JOSEPH A. STANKAITIS, M.D., M.P.H.; JOHN P. BIGOS, M.D., M.P.H.
STANKAITIS JA, BIGOS JP. Testing for Human Immunodeficiency Virus. Ann Intern Med. 1986;105:967. doi: 10.7326/0003-4819-105-6-967_2
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Published: Ann Intern Med. 1986;105(6):967.
To the editor: Dr. Goedert's editorial on the testing for human immunodeficiency virus (HIV) (1) admirably points out the importance of disease prevalence for screening programs. He notes that in low-prevalence groups, the positive predictive value for the enzyme-linked immunosorbent assay (ELISA) may be as low as 2% for specimens from donors with no risk factors for HIV. This 2% means that out of 100 samples that test positive from this group, only 2 will be truly positive. Thus, it makes greater sense to target screening to high-risk or high-prevalence groups, rather than to general populations.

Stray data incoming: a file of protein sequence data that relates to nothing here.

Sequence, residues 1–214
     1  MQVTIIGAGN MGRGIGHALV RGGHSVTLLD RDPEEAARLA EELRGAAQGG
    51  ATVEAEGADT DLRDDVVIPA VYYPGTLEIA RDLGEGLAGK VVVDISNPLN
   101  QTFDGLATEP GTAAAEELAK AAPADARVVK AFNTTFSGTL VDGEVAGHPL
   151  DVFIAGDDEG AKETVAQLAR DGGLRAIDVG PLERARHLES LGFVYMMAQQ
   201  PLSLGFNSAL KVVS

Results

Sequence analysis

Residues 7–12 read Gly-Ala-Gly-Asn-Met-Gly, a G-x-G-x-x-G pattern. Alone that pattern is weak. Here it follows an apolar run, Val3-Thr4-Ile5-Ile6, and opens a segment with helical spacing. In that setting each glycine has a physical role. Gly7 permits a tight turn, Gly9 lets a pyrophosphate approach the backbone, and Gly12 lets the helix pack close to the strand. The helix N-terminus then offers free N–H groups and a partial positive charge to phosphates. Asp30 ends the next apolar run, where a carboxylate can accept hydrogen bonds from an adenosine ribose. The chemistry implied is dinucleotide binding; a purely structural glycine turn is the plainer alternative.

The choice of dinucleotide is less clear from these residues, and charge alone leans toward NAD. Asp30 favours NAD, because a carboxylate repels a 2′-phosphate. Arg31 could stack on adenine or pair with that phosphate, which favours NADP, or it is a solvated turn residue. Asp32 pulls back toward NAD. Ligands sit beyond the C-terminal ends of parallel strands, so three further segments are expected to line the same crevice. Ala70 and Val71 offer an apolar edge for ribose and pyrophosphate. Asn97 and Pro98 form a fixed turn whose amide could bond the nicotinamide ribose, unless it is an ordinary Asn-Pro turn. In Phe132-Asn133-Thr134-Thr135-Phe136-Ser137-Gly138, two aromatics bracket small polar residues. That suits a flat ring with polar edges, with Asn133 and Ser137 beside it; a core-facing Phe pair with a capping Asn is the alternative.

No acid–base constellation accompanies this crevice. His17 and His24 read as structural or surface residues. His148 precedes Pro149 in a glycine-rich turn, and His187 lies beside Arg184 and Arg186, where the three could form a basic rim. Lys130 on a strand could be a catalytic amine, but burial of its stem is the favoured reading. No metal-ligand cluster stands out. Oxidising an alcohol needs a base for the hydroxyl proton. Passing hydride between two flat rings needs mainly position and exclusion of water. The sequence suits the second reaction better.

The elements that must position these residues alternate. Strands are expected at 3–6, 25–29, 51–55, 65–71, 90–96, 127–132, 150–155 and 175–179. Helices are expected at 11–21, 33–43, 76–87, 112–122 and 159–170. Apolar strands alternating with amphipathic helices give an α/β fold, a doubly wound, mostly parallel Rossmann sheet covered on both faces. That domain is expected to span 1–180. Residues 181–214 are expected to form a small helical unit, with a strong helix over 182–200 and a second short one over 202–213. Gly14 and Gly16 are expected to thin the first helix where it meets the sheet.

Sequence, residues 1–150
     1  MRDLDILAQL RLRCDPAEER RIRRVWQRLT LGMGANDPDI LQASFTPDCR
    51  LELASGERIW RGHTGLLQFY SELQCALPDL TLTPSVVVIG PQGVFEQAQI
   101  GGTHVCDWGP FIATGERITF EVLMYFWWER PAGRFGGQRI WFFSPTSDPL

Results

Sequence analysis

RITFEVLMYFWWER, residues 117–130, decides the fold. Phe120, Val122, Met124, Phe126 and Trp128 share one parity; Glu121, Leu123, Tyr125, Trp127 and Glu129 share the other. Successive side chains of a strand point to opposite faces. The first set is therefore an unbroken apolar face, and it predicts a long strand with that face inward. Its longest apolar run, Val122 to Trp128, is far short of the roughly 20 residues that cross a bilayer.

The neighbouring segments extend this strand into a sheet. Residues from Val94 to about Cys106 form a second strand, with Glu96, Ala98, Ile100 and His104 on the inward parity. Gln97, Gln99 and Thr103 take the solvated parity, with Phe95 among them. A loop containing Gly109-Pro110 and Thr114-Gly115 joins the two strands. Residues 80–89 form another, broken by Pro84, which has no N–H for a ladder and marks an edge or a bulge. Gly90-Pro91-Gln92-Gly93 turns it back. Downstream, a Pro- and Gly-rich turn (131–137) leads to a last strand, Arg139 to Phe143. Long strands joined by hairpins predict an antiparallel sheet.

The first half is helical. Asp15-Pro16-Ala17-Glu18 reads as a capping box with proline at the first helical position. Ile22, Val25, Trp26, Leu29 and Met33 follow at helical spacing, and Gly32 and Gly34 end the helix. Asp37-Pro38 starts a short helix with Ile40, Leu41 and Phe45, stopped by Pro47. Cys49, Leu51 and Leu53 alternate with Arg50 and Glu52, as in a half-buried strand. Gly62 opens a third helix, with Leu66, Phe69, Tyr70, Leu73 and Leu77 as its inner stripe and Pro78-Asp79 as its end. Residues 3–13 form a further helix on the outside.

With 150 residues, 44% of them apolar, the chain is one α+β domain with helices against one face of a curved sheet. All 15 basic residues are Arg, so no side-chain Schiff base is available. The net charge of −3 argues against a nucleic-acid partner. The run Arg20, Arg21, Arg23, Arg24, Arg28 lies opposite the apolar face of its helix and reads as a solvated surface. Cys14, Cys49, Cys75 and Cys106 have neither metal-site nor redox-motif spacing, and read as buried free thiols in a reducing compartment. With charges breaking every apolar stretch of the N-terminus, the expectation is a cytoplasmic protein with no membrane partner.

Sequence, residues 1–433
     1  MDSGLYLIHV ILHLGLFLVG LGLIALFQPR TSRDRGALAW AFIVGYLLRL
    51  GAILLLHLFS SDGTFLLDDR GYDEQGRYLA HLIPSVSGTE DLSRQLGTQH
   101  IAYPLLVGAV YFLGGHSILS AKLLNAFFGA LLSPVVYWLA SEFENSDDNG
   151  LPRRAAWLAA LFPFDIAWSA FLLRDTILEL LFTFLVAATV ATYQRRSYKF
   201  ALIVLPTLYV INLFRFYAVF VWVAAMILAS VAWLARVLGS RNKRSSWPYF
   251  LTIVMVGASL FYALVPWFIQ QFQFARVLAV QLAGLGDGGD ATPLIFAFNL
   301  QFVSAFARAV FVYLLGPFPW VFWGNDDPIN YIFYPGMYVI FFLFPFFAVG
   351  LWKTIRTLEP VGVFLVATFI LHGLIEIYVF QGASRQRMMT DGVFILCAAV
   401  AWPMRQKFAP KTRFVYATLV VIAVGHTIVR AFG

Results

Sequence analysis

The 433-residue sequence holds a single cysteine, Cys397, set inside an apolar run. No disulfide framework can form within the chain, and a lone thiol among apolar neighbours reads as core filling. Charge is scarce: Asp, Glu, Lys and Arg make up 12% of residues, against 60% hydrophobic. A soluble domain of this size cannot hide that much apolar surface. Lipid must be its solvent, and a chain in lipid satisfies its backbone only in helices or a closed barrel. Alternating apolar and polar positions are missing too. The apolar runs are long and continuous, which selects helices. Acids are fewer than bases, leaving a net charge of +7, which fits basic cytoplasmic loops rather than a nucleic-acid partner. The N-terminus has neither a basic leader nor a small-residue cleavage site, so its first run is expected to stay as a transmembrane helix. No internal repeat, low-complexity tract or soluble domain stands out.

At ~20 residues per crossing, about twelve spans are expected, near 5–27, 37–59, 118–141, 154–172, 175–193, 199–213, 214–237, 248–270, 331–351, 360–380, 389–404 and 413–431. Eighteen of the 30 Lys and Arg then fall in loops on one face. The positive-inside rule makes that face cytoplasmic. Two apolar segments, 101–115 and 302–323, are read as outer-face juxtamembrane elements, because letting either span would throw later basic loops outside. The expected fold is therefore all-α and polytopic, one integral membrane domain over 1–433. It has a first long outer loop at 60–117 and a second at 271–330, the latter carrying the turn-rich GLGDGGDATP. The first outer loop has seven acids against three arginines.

One might argue that
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